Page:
There is litte doubt that Jaidip was ranked among the top-20 amateurs in his prime, which perforce means he was among the top-40 players (amateur and professional) at some points in his career.



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Re: Indian Wells/Miami ATP 1000, March 2019

Post by knarayen » Sun Mar 10, 2019 6:16 am

Also not to forget, Ramesh Krishnan was 25 in the world in the mid 1980s on the ATP rankings list.



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Re: Indian Wells/Miami ATP 1000, March 2019

Post by PKBasu » Sun Mar 10, 2019 6:42 am

Yes, of course, and a quarter-finalist at the US Open in 1981 and 1987, Wimbledon quarter-finalist in 1986, and vanquisher of the world #1 (and reigning Australian, French and US Open champion) Mats Wilander at the 1989 Australian Open. Ramesh Krishnan was a worthy son to RK.



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Re: Indian Wells/Miami ATP 1000, March 2019

Post by PKBasu » Sun Mar 10, 2019 8:22 am

Coming back to Indian Wells, CA, circa 2019, Prajnesh does have a tough match against the big-serving Ivo Karlovic, who doesn't appear to have been broken yet in the tournament this year. But if Prajnesh manages to crack that (or keep up his excellent performance in the tiebreaks), he will next face either Thiem or Simon in the last-16 stage.



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Re: Indian Wells/Miami ATP 1000, March 2019

Post by SaniaFan » Sun Mar 10, 2019 10:06 am

How high was Vijay ranked? I think he would have ranked higher than Ramesh at their respective peaks.

Ok so his highest ranking was 16. He made 2 Wimbledon and 2US open quarterfinals. And he lost both Wimbledon QFs in 5 sets and the second one against Connors after being 2 sets to love up!!!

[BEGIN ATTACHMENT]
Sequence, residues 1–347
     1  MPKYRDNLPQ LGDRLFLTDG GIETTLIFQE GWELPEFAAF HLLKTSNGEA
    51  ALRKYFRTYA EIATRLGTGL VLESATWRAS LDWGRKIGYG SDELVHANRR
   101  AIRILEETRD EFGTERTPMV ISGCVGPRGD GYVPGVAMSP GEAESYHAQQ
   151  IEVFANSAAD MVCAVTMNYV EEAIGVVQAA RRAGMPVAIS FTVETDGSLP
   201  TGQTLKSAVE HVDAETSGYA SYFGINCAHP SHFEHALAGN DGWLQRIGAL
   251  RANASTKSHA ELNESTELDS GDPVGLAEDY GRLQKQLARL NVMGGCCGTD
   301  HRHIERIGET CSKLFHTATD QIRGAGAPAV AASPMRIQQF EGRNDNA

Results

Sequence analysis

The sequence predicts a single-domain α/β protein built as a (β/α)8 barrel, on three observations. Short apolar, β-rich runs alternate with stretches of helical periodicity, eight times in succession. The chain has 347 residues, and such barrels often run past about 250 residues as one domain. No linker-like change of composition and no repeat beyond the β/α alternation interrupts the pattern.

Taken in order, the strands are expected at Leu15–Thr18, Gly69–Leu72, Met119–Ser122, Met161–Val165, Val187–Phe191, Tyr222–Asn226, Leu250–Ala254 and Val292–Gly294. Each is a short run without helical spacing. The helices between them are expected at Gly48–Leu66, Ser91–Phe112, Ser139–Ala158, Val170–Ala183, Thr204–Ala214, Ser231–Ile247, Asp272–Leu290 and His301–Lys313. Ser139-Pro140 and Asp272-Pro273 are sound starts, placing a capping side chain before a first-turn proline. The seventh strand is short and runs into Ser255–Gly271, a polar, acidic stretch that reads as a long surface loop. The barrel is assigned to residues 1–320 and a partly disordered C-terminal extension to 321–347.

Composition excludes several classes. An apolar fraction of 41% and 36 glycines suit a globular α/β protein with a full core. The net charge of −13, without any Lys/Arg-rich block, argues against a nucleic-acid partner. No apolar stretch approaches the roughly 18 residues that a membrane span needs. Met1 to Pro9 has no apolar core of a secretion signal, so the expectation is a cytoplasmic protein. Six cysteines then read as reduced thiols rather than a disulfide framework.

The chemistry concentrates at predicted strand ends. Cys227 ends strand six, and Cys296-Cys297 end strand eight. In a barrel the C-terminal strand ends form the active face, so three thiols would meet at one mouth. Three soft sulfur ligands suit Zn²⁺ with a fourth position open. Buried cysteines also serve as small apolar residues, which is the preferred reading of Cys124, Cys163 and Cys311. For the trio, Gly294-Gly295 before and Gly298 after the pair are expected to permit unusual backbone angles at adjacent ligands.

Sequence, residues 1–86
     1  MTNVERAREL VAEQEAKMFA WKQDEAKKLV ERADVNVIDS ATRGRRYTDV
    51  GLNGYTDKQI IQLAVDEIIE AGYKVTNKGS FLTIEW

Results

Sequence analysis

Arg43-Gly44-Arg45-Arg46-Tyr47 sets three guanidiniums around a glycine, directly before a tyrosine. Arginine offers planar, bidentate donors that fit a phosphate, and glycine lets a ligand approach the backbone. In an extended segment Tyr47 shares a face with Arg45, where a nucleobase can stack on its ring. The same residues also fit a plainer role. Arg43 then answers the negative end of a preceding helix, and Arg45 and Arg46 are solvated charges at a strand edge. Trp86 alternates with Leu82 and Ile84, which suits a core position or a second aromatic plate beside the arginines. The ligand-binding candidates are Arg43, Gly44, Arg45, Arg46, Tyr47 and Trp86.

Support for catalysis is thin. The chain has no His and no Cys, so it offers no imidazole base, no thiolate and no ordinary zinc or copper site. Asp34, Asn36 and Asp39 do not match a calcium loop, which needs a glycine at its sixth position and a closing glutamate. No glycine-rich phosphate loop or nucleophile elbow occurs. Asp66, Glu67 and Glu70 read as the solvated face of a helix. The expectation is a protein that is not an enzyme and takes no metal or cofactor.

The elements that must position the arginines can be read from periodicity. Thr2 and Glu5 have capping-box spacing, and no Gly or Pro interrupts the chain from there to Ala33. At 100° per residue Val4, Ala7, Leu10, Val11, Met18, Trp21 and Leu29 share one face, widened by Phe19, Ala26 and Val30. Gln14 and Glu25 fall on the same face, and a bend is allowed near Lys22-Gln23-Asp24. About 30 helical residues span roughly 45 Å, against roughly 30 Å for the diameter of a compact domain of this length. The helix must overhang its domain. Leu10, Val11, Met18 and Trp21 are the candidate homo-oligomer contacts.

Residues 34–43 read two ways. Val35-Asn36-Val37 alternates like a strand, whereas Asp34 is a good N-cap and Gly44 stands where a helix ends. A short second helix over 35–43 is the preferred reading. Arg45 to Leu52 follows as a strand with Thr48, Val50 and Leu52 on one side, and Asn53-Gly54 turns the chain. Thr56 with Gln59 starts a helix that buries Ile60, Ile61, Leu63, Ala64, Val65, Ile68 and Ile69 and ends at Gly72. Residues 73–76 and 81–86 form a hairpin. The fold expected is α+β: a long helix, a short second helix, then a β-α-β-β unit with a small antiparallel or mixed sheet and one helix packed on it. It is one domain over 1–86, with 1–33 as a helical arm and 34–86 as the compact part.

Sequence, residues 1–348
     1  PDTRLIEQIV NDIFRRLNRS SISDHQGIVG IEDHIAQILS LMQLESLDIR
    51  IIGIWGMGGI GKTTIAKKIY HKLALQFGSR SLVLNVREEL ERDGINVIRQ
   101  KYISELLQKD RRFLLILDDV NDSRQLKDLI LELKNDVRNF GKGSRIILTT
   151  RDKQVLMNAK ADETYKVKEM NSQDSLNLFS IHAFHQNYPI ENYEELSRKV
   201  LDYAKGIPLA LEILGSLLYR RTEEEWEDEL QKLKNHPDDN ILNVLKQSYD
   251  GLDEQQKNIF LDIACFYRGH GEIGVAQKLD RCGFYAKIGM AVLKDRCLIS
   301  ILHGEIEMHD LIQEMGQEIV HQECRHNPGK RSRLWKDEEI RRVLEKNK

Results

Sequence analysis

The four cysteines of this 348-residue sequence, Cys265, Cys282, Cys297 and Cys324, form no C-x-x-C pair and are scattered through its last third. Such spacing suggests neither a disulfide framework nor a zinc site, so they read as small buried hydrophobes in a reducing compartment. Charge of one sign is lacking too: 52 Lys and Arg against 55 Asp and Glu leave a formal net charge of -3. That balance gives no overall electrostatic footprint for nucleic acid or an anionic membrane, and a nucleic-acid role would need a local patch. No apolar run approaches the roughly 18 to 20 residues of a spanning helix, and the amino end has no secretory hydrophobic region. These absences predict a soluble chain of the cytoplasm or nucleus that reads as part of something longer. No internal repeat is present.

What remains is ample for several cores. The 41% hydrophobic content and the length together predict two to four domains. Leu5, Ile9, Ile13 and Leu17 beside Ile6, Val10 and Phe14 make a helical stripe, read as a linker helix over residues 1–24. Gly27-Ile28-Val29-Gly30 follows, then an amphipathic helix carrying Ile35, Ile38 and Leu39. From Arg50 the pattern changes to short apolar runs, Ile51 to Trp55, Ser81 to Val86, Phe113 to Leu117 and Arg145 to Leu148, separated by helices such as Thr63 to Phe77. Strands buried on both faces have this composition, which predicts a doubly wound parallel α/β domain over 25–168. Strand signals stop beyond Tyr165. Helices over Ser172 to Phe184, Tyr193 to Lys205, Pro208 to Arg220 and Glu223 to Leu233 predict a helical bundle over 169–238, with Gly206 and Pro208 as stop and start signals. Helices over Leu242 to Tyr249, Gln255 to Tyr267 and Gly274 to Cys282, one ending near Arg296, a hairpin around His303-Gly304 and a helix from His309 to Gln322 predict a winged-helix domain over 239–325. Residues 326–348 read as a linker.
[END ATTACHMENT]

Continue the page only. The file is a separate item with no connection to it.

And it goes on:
Last edited by SaniaFan on Sun Mar 10, 2019 10:16 am, edited 2 times in total.



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Re: Indian Wells/Miami ATP 1000, March 2019

Post by Omkara » Sun Mar 10, 2019 10:07 am

PKBasu wrote:
Sun Mar 10, 2019 6:42 am
Yes, of course, and a quarter-finalist at the US Open in 1981 and 1987, Wimbledon quarter-finalist in 1986, and vanquisher of the world #1 (and reigning Australian, French and US Open champion) Mats Wilander at the 1989 Australian Open. Ramesh Krishnan was a worthy son to RK.
Wikipedia says his first title was on clay in '81. I thought he hated clay



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Re: Indian Wells/Miami ATP 1000, March 2019

Post by Kumar » Sun Mar 10, 2019 1:47 pm

WOW :bounce:

Just amazing! He has been amazingly consistent



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Re: Indian Wells/Miami ATP 1000, March 2019

Post by PKBasu » Sun Mar 10, 2019 2:56 pm

Yes, Omkara, Ramesh's first ATP title was in 1981 on clay in Manila. We've discussed this here before, and he didn't hate clay (he won the FO junior title, after all!). His second title was also on clay (at Stuttgart, where the tournament is now -- since 2017 -- played on grass, which would have been even better for Ramesh!).

Getting back to Prajnesh: yes, Kumar, he has been amazingly consistent over the past 11 months, while steadily making improvements.



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Re: Indian Wells/Miami ATP 1000, March 2019

Post by rajitghosh » Sun Mar 10, 2019 3:29 pm

Incidentally both the RKs won the Stuttgart event. Senior in 68 and junior in 81.



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Re: Indian Wells/Miami ATP 1000, March 2019

Post by knarayen » Sun Mar 10, 2019 5:10 pm

Kumar wrote:
Sun Mar 10, 2019 1:47 pm
WOW :bounce:

Just amazing! He has been amazingly consistent
Another similarity with the Krishnan’s. The upcoming match against Ivo may look easiest on paper, but the reality is more complicated. Ivo is just coming off a win against Coric. Coric made the semis last year and he is no slouch either.

Key is for Gunner to break and hold. Ivo’s game is far more than the big serve - everybody underestimates his return and ground strokes during return games.

Prof